On Life and Death

On Life and Death March 10, 2015

Death once troubled me greatly. The thought of eternal nothingness, void of laughter, joy, sadness, and fear, rested heavily on my shoulders. I’d never lost anyone close to me until the day I discovered a close friend had passed away. I had lost touch with him briefly after I finished high school but whenever we connected, it was almost as though we were never apart. I’ve been thinking about this man lately; I can’t say what has forced my memory of him to the forefront, but it’s caused me to reflect on something I hadn’t in a long time.


Chris was a great person – hell, I don’t know if that even covers it. I was 12, possibly 13, when I first met him. I was having trouble in school during that time and my parents were unsure which direction they should take to help steer me back straight. Personally, I was having issues comprehending the course work along with dealing with intense bullying. I felt alone and my studies suffered. That was until Chris entered my life.

My mother was attending college when she asked her professor if he could recommend a strong tutor. He quickly put her in contact with Chris, a twenty-something college student, who’d be eager to work with me. I remember feeling upset and stupid because my parents thought I needed help but I agreed to participate. The first few sessions were awkward, I’ll admit, though it was mostly my fault since I lacked the motivation to interact as I should’ve. But as we continued to study, we formed a friendship; a friendship that would last a decade.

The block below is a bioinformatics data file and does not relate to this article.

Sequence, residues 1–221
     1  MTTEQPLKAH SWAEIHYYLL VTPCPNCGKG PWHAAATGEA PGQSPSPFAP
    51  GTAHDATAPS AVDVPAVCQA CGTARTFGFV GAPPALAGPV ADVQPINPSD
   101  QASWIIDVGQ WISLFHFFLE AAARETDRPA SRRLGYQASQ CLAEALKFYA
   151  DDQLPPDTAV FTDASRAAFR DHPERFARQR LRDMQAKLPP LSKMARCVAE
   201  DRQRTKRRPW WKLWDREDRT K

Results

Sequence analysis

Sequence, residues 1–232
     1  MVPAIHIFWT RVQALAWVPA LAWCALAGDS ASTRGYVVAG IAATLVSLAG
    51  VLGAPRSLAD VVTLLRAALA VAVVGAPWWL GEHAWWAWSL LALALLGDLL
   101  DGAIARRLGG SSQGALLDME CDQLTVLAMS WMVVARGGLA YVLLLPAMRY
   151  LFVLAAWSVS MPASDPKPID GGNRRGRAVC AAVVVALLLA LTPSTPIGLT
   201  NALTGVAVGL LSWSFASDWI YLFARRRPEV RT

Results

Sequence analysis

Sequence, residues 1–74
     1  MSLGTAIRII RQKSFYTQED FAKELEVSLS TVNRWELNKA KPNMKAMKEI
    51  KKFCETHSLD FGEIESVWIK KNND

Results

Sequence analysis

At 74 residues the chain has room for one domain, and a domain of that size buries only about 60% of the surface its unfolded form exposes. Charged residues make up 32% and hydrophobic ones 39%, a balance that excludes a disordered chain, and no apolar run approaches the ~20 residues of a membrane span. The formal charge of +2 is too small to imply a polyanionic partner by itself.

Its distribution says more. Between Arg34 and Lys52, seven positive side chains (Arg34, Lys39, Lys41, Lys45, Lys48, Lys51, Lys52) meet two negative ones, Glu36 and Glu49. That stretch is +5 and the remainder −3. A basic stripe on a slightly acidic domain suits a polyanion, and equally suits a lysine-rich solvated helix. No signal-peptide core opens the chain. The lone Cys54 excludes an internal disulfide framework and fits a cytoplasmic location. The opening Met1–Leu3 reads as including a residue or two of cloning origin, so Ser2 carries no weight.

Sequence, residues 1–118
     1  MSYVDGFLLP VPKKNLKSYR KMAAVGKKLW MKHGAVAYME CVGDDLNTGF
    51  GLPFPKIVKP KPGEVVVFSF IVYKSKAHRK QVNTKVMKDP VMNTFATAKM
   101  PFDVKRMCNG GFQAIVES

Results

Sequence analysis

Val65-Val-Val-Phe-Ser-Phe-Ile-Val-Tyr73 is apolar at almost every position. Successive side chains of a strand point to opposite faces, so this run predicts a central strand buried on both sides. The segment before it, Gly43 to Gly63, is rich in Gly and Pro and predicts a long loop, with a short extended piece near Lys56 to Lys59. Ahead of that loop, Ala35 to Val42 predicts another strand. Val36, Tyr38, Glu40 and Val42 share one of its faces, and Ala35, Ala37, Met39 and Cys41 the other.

My grades improved as I began to learn the in’s-and-out’s of studying but what I truly gained, more than anything, was a friend. Someone who wasn’t afraid to listen to my complaints, who was willing to watch movies or play video games, who attended my concerts, birthday parties, and holiday get-togethers. I even once traveled to Iowa where he and his wife lived. He never judged me; I was myself and that was good enough for him. He truly saved me from what I was allowing myself to become.

In 2009, I – for whatever reason – deactivated all my social media accounts. It didn’t last long, however, and I soon found myself perusing Facebook. As I was about to deactivate it again, I noticed Chris’s wife’s profile page, which then got me interested in seeing how he was doing. It was then that I found he had passed away months ago while my account was offline. Not only had he passed but his brother had also lost his life in the accident that befell them. A lazy afternoon for me quickly turned miserable.

It wasn’t long after that I contacted his mother. She quickly agreed to meet me where he and his brother were laid. The round trip totaled 12 hours but that didn’t bother me; I felt I needed to say goodbye, to thank him for what he gave me so many years ago. As I stood in the grass in front of his plot, I realized something that would forever change my outlook on life.

Since that day, I’ve forgotten death. I no longer carry any fear or anxiety. Chris and his brother had lived rich and loving lives. Our experiences, our emotions, our passions are all to be cherished and left untainted by fear of the inevitable. For me, love became sweeter, laughter was calming, and life became much more fulfilling.

As an atheist, I hold no belief in an afterlife. For me, I will never see Christopher again. I will never share with him meaningless conversations over coffee or dinner. I’ll never enjoy a movie or video game with him. I’ll never find comfort in vetting my emotions with him. But there is a part of him that will live on forever, in those who were touched by him. What I learned from Chris will reflect on those who I touch in my life as well; the only true chance at living forever. Though he is gone, he’s still very much alive in who I am today.

Death is nothing but a word. Life, however, is much more than that. Be kind to one another, love one another, hold those closest to you tightly, and experience what it actually means to be alive.

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